N.B. El Idrissi
- Complement activation at the motor end-plates in amyotrophic lateral sclerosis
- Journal of neuroinflammation
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- Faculty of Science (FNWI)
- Swammerdam Institute for Life Sciences (SILS)
BACKGROUND: Amyotrophic lateral sclerosis (ALS) is a fatal progressive neurodegenerative disease with no available therapy. Components of the innate immune system are activated in the spinal cord and central nervous system of ALS patients. Studies in the SOD1(G93A) mouse show deposition of C1q and C3/C3b at the motor end-plate before neurological symptoms are apparent, suggesting that complement activation precedes neurodegeneration in this model. To obtain a better understanding of the role of complement at the motor end-plates in human ALS pathology, we analyzed post-mortem tissue of ALS donors for complement activation and its regulators.
METHODS: Post-mortem intercostal muscle biopsies were collected at autopsy from ALS (n = 11) and control (n = 6) donors. The samples were analyzed for C1q, membrane attack complex (MAC), CD55, and CD59 on the motor end-plates, using immunofluorescence or immunohistochemistry.
RESULTS: Here, we show that complement activation products and regulators are deposited on the motor end-plates of ALS patients. C1q co-localized with neurofilament in the intercostal muscle of ALS donors and was absent in controls (P = 0.001). In addition, C1q was found deposited on the motor end-plates in the intercostal muscle. MAC was also found deposited on motor end-plates that were innervated by nerves in the intercostal muscle of ALS donors but not in controls (P = 0.001). High levels of the regulators CD55 and CD59 were detected at the motor end-plates of ALS donors but not in controls, suggesting an attempt to counteract complement activation and prevent MAC deposition on the end-plates before they are lost.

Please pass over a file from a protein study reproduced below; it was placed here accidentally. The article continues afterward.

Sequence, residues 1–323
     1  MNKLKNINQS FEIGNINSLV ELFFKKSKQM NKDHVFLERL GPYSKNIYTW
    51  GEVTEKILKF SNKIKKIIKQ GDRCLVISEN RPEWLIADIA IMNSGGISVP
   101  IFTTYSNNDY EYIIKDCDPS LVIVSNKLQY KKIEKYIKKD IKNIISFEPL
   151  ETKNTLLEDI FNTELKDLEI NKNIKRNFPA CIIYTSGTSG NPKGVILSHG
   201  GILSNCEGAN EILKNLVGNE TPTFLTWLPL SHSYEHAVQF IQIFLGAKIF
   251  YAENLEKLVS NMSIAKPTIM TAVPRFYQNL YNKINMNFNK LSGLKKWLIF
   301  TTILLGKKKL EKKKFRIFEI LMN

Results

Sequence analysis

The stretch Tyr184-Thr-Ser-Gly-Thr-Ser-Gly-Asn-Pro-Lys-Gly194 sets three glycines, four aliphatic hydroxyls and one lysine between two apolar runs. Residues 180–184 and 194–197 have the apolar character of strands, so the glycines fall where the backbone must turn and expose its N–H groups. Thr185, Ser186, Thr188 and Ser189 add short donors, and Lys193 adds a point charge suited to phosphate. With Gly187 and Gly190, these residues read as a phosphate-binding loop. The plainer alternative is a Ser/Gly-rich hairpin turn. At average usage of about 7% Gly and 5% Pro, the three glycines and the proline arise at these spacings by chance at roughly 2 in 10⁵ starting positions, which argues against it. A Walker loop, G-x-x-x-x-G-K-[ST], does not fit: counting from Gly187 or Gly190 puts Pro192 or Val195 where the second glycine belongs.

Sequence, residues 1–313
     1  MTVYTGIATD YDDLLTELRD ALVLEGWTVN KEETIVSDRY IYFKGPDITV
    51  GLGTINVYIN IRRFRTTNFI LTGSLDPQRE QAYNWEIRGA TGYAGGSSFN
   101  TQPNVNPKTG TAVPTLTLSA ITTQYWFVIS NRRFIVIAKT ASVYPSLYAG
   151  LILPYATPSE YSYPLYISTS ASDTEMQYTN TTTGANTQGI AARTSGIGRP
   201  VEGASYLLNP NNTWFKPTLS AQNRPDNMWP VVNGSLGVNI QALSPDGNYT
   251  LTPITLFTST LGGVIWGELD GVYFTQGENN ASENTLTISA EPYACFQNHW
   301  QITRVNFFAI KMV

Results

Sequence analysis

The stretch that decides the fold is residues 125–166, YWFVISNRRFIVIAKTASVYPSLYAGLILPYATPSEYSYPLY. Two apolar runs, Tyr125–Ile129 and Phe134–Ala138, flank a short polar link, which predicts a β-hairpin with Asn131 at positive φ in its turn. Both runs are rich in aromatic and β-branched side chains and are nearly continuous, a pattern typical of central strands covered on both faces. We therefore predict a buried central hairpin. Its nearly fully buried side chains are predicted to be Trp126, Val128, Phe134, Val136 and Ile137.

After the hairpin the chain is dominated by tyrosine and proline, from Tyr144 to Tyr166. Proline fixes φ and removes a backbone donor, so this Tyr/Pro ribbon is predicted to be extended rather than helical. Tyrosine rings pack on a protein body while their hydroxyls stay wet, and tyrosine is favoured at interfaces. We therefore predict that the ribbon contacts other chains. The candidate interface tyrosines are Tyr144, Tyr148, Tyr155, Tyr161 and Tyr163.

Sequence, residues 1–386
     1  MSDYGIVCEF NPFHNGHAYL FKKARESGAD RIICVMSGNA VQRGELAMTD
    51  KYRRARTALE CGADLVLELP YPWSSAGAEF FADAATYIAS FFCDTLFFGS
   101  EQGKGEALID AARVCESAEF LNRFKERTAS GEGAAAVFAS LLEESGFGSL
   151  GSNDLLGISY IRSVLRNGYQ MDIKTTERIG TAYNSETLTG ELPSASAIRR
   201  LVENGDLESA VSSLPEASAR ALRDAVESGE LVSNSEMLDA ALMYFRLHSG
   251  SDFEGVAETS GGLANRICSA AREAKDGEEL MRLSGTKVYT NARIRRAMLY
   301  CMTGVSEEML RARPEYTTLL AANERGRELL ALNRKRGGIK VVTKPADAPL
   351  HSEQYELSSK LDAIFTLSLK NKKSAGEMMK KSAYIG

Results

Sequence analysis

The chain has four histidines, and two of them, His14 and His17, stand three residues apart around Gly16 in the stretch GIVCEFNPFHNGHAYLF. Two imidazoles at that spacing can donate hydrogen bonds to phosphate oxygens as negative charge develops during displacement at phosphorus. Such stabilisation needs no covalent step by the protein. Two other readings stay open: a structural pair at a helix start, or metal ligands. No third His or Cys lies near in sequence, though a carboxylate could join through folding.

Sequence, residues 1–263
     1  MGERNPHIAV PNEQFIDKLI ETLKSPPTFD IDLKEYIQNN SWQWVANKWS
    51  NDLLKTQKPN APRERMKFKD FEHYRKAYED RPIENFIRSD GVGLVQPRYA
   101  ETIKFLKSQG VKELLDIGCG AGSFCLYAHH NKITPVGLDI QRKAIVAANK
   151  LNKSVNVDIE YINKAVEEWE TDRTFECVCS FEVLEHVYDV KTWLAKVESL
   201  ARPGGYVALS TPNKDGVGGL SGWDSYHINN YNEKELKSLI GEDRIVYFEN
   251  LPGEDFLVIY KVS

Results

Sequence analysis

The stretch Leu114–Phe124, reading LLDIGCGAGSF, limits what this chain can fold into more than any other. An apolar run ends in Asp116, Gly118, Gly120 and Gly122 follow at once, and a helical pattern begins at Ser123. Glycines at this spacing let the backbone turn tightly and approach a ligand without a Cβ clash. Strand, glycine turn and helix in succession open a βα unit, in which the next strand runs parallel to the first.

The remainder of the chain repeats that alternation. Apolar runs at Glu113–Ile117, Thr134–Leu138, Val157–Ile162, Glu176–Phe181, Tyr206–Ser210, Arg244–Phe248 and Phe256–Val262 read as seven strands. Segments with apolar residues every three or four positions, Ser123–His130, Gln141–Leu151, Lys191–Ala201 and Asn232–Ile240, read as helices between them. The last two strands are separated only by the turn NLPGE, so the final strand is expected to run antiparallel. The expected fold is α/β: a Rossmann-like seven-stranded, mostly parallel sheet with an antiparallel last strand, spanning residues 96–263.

CONCLUSIONS: This study provides evidence that complement activation products are deposited on innervated motor end-plates in the intercostal muscle of ALS donors, indicating that complement activation may precede end-plate denervation in human ALS. This study adds to the understanding of ALS pathology in man and identifies complement as a potential modifier of the disease process.
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